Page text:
Some sanity ruled in Tallahassee last week. Not much, but some. Gov. Rick Scott signed some little bills into law, but the political situation could not be worse.
A special session of the Legislation is on the horizon over the failure to reach agreement on a budget, but lawmakers are optimistic. On the other hand, Gov. Rick Scott stands in full political meltdown mode with his unwarranted warning of a "government shutdown."
On Thursday, Scott ordered state agencies to write up lists of critical services that cannot be halted should the House and Senate fail to negotiate a budget by July 1. Those lists are due Monday by 5 p.m.
The governor hit the panic button.
This could simply be a political ploy to force the Senate to drop its reasonable and pragmatic modified Medicaid expansion plan that benefits hospitals and 840,000 poor Floridians lacking health insurance.
In announcing his precedent-setting call for contingency lists of "critical services needs" in the event of a government shutdown, Scott cited the Senate's strong support of the chamber's bill for a Florida-specific, market-driven, free-enterprise health care insurance plan.
This political desperation comes right on the heels of the governor filing a lawsuit against the federal government over health care money.
That suit claims the administration is coercing Florida into accepting Medicaid expansion dollars by refusing to extend a billion-dollar program that pays hospitals for indigent care.
Scott knew about the deadline, yet now claims otherwise and refuses to acknowledge a fundamental political mistake by not dealing with this earlier.
The governor doubled down on poor public policy by proposing hospitals pool profits to share in the costs of the loss of federal subsidies known as the Low Income Pool, an annual $1.3 billion contribution that will expire this summer and the subject of his lawsuit.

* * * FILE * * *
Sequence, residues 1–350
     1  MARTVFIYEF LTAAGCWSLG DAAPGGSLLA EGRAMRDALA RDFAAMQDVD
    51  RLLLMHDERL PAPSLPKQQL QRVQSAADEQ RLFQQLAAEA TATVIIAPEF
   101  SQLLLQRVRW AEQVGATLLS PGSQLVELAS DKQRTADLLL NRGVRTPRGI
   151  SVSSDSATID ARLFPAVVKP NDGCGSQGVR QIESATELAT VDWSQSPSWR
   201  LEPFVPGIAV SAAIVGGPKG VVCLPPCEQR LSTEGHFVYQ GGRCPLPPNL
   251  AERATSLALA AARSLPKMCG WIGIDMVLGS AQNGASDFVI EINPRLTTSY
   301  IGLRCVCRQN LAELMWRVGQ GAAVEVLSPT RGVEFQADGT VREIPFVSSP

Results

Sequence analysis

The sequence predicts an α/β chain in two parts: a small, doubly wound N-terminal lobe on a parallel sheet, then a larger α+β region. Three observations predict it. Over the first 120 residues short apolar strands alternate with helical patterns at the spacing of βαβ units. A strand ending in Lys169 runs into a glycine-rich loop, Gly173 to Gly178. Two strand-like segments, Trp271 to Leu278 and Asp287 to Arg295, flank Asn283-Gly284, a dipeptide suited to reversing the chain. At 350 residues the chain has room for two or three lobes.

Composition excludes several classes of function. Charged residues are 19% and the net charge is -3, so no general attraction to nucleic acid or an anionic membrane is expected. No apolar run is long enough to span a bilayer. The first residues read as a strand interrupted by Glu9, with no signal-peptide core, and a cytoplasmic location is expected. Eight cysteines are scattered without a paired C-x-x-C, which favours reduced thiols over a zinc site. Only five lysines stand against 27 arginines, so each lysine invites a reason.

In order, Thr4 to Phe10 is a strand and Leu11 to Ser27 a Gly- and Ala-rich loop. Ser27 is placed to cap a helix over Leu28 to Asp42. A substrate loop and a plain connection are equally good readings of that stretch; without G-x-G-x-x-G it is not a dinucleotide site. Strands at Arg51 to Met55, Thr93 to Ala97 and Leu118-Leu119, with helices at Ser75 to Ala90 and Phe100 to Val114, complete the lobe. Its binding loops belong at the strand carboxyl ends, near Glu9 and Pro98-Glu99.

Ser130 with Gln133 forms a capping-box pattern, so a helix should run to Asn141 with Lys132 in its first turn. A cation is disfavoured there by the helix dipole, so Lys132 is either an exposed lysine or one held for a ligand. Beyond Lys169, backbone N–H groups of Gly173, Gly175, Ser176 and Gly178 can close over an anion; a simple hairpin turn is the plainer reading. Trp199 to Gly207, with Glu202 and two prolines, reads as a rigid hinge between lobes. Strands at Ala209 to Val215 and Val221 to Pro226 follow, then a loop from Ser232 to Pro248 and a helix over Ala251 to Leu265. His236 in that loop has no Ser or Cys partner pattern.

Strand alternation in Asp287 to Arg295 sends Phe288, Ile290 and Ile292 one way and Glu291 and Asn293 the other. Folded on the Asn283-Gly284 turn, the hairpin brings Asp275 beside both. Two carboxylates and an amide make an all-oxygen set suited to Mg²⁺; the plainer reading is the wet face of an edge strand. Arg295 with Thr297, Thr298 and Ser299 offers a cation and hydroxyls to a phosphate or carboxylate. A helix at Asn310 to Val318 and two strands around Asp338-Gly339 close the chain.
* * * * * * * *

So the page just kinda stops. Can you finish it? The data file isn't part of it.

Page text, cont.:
Those dollars only partially reimburse medical providers for taking care of the working poor who lack health insurance.
Scott's idea of hospital profit-sharing smacks of a redistribution of wealth, a socialist idea most unlikely to gain traction in this conservative state.
House and Senate leaders smartly shrugged off the governor's scare tactic of a "continuing budget" should an agreement on a state budget fail.
The very idea is not contained in the state constitution and one that baffles lawmakers. We do believe reasonable minds will prevail, and lawmakers will come to an agreement. The governor, on the other hand, continues to defy the idea of reasonableness.
New good laws
Meanwhile, the governor found the time to sign 27 bills into law over the past few days -- many good solutions to long-standing issues.
One of those new laws allows the sale of 64-ounce beer growlers. In ballyhooing this, the governor stated the measure eliminates "another burdensome regulation" and allows "more Florida businesses to succeed."
For years, those rationalizations for a sensible repeal of an unjust law have fallen on deaf ears in a Legislature, which has enjoyed big campaign contributions from powerful alcohol distributors.
Small craft brewers statewide -- including Motorworks and Darwin here in Bradenton -- will benefit from this new law. Those two young enterprises in the Village of the Arts are important to the growth of the neighborhood's reputation as an entertainment district as well as a cultural destination.
Those half-gallon growlers are a craft brewing industry standard and the consumer preference for taking these refillable jugs home. Now they can. The three-year battle over this old absurd law -- other jugs were permitted -- is now rightfully over.
Another new law bans cities from operating speed traps to ensnare motorists into funding police departments. The city of Waldo became infamous for this practice. Traffic ticket quotas on officers have been outlawed, and law enforcement agencies that fund more than a third of their budgets with traffic fines will be forced to report to the Legislature.
Unmanned drones cannot spy on Floridians where there is a "reasonable expectation of privacy." Like a back yard. Neighbors and others cannot legally monitor private activities.
The Legislature's special session, set for June 1-20, is focused on setting state spending. That should include a funding increase for public education as the top priority. A solution to health care for the working poor would be an unexpected but welcome miracle.